We provide professional development of teachers through the following avenues:
- Developing early literacy content that is appropriate to different age groups with different needs;
- Providing quality training, coaching and mentoring to teachers, heads of department, and subject advisors on early grade reading, specialising in African languages;
- Empowering our own staff with up-to-date skills training on early grade reading theories and practice.
Our focus areas are language and literacy content development, specialising in mother tongue or African indigenous languages, and English Second Language (ESL).
The project was initiated in 2009 when Molteno approached the Zenex Foundation to fund a graded reading scheme to support isiXhosa literacy and language learning for Grade 1 children. The isiXhosa graded readers were unique in that they were written directly in isiXhosa, and not translations of existing English books. They are, to our knowledge, the only authentic African language graded basal readers available. The series is known as Vula Bula.
During 2012 and 2013, the isiXhosa Vula Bula series was versioned into seven other African languages to be used in the Gauteng Primary Literacy and Mathematics Strategy (GPLMS).
In 2015, in order to make the series more readily accessible, Molteno made them available online via a Creative Commons Open Licensing platform. As a result, thousands of schools in Gauteng, the Eastern Cape, North West and Limpopo provinces are using the Vula Bula graded reader series as a core resource for improving the literacy levels of their learners. The Setswana Vula Bula materials were evaluated by South African Institute for Distance Education (SAIDE) and were found to be effective in teaching literacy.
The Vula Bula resources make learning to read in African languages easy. It is the first graded reading programme in African languages where progression from level to level is based on the phonics of each language, offering carefully structured, developmental reading practice. Familiar vocabulary and sentences patterns enable rapid reading progress. They have attractive, clear and detailed illustrations which facilitate knowledge acquisition and understanding. The graded readers can be utilised during group-guided, paired and independent reading.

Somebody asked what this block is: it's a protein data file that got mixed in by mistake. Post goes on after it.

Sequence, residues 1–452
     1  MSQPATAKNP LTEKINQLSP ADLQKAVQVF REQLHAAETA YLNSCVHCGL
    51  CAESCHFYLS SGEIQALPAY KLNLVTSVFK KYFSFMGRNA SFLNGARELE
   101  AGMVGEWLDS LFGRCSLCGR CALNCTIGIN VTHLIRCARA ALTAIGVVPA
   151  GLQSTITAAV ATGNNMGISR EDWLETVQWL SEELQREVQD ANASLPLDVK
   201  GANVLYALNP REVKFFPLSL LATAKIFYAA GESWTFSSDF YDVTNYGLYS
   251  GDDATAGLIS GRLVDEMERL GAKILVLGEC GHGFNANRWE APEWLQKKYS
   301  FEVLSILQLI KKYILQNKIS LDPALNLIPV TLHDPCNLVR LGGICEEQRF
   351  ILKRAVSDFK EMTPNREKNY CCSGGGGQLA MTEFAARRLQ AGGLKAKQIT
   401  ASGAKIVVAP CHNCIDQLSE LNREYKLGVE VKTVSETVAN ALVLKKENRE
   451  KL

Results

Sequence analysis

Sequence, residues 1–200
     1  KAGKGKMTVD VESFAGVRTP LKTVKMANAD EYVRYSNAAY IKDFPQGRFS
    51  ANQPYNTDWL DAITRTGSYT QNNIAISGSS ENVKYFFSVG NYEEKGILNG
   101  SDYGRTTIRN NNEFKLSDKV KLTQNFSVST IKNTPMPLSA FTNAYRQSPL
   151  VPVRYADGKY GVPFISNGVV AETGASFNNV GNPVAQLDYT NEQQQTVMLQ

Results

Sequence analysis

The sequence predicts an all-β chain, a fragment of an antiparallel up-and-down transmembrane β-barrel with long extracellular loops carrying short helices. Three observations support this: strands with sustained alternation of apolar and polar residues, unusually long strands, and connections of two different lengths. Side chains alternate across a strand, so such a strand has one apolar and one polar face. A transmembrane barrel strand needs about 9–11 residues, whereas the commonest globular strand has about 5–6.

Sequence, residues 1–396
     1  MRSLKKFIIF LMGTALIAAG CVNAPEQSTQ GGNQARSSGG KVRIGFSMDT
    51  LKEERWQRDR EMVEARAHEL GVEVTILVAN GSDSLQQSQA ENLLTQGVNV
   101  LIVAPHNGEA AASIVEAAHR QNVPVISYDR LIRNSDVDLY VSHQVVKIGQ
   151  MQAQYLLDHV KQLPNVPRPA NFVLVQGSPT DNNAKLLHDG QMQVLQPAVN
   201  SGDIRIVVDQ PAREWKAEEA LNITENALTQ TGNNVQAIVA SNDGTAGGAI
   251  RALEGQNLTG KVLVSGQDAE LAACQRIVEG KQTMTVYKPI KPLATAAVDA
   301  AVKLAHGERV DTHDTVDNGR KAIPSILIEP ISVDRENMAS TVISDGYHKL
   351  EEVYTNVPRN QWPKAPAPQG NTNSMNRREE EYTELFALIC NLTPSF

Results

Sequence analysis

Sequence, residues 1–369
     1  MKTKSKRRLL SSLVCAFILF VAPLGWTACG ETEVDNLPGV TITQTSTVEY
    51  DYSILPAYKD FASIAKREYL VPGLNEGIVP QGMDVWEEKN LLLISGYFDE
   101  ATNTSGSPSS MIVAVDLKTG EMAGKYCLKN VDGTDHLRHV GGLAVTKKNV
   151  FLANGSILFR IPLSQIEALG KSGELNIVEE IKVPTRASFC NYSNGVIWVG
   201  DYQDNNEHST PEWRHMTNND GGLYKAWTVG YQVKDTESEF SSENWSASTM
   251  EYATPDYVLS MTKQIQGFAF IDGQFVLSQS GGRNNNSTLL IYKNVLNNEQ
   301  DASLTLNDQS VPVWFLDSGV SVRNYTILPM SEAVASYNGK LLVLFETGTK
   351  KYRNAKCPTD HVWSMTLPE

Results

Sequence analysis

Materials development is the central component of this project; we then dispense the resources via our website. We develop readers for Grades 1 to 3, and we are currently actively seeking funding in order to develop appropriate and quality materials for learners in Grades 4 to 6.
We have supplied and trained the almost 800 GPLMS schools in 2011-2013. We will supply in 2019 the anthologies to about 450 000 Eastern Cape primary schools. The NECT supplied all its project schools in different provinces (e.g. PILO/Jika iMfundo), the EGRS 1 project schools in the North West, and the RSP project. We have reached approximately a million learners by now.
The strategic objective of the project is to improve early literacy (reading with understanding) levels of Foundation Phase learners by making books freely available to them in the relevant language of learning and teaching. There is consensus that children’s books written in African languages are scarce. In cases where they are available, they are usually translations of English readers, which renders them inappropriate and ineffective for decoding purposes when children are learning to read. Through the project we empower teachers with the resources needed for teaching early reading in the home languages of their learners.
The project addresses the needs of learners who are unable to read with understanding in their mother tongue, because they have not yet mastered essential decoding skills. African languages are orthographically phonically regular languages and need to be taught as such. In addition, Nguni languages are agglutinative and conjunctive, which means that children need to develop syllabication skills in order to read fluently, and with meaning. The Vula Bula resources are a concerted effort to ameliorate the shortage of appropriate reading materials for children learning to read in an African language. The project also addresses the need for teachers to be equipped with the skills to teach reading in an African language.
The fact that a clear Department of Education policy on mother tongue instruction was put into effect was due in part to our small contribution. When we made these materials available on an open license in 2014, it excited the Minister of Education to endorse them, and subsequently launched them in 2014. Since 2015 various departments of education and privately funded projects included or referred to our materials in the teachers’ lesson plans.